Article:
by • February 4, 2016 • No Comments
Braille has been around since 1824, when blind Frenchman Louis Braille created the system of raised dots that may allow blind individuals to read with their fingertips. In the beginning, writing Braille was a labor-intensive system that involved via a stylus to punch every individual dot into the page of text. Of course, like all things, Braille has been created much simpler by modern innovation. Writing Braille is rather much all desktopized now, and 3D printing has created it possible to easily add it to any kind of surface. A 3D printing device created by Texas A&M University last year is capable of printing Braille onto any plastic surface, regardless of shape or dimensions, manufacturing it effortless to add onto any type of plastic consumer packaging, and a collaboration between two companies has resulted in a Braille converter for 3D models.
Whilst it’s heartbreaking to ponder of children born without eyesight, I imagine that it’s simpler for them to learn to read Braille than it is for adults who have lost their sight later in life. Learning the code of dots that manufacture up the Braille system is fundamentally like learning a new language, that is much harder to do when you’ve been via one language for your entire life. For visually impaired children, learning Braille is just learning to read. What those children don’t generally get to experience, yet, are pictures. Picture books are standard for young children, not just assisting them learn to read but in addition visually teverying them of the world around them.
A desktop science professor at the University of Colorado Boulder has come up with a way for blind children to experience pictures as well as words while reading. Tom Yeh is the creator of the Tactile Picture Books Project, that we initially encountered in 2014. Yeh has been working on 3D printing talked about children’s books, consume with raised pictures that kids can feel with their hands – as well as Braille text. Since we initially wrote of him, Yeh and his team have been working steadily on the software that can allow parents and teveryers to easily 3D print any book they wish.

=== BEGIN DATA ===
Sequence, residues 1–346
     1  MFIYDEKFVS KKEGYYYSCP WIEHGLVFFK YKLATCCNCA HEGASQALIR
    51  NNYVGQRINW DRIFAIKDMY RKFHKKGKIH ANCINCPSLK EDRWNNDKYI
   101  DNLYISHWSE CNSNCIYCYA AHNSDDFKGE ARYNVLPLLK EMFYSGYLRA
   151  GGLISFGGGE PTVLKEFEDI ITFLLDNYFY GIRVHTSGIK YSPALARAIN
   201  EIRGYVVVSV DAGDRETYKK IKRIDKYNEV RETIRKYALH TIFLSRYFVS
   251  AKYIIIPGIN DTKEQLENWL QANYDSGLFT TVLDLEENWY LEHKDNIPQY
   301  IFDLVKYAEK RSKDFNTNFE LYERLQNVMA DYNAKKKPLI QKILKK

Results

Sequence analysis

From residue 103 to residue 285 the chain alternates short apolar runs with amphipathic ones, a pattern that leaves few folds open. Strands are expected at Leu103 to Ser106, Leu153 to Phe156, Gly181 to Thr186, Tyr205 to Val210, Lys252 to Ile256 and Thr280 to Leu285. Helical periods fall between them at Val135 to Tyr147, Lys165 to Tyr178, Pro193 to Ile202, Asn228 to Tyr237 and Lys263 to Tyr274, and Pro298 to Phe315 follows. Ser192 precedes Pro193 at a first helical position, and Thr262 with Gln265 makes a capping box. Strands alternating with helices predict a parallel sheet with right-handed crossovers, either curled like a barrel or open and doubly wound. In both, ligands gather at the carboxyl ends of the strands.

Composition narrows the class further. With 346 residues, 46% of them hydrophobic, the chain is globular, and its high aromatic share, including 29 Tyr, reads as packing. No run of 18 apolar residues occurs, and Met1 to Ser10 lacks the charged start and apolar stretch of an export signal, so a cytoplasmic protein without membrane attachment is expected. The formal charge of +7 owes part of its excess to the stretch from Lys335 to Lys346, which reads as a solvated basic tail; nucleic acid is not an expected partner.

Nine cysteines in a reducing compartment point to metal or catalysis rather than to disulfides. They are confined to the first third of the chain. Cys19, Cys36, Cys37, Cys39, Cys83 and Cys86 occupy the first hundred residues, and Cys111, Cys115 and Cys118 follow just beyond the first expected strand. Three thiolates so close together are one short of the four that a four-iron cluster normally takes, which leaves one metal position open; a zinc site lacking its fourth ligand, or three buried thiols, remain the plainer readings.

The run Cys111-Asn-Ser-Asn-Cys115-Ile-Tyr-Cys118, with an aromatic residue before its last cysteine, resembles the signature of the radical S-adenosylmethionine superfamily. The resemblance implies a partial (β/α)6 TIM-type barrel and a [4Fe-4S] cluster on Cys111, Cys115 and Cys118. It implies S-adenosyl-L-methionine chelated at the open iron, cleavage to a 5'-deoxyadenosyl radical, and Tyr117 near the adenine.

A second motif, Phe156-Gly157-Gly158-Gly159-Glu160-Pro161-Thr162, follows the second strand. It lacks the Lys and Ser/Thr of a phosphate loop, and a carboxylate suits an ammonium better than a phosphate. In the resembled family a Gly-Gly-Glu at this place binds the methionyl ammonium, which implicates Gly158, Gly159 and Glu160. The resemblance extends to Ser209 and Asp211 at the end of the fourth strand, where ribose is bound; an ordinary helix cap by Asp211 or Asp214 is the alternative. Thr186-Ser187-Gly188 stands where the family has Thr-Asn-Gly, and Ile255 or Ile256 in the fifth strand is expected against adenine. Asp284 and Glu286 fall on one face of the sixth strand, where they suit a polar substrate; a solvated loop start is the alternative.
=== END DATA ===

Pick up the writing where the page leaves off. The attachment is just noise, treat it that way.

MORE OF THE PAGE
“The main thought is to represent 2D graphics in a 3D, tactile way on a scale appropriate for young children,” said Yeh. “The team combines this information with computational algorithms – fundamentally step-by-step instructions for mathematical calculations – to provide a way for parents, teveryers and supporters to 3D-print their own picture books.”
Yeh’s initiative has expanded into a sizeable open-source project that has produced a few amazing thoughts. The books printed by his team range of books on basic shapes to illustrated classics like The Very Hungry Caterpillar (one of my absolute favorites as a child). A 3D printed model of the Noah’s Ark story allows for children to feel the raindrops, the texture of the boat, the waves. Yeh has actually created a form of pop-up book consisting of pictures that can be moved, flipped and spun by children. Other thoughts being worked on include tactile comic books and textbooks.
The Tactile Picture Book project in addition offers workshops for interested members in the area, and the team invites anyone to subscribe to their newsletter to learn additional of designing 3D printed tactile books and how you can assist offer. If the project continues to create the way it has been, there may soon come a time when the visually impaired can experience all books in the same way that individuals with full eyesight can. Do you understand a child who may enjoy one of these books? Discuss in the 3D Printed Books for Blind Children forum over at 3DPB.com.
by admin • March 5, 2017
by admin • November 28, 2016
by admin • November 28, 2016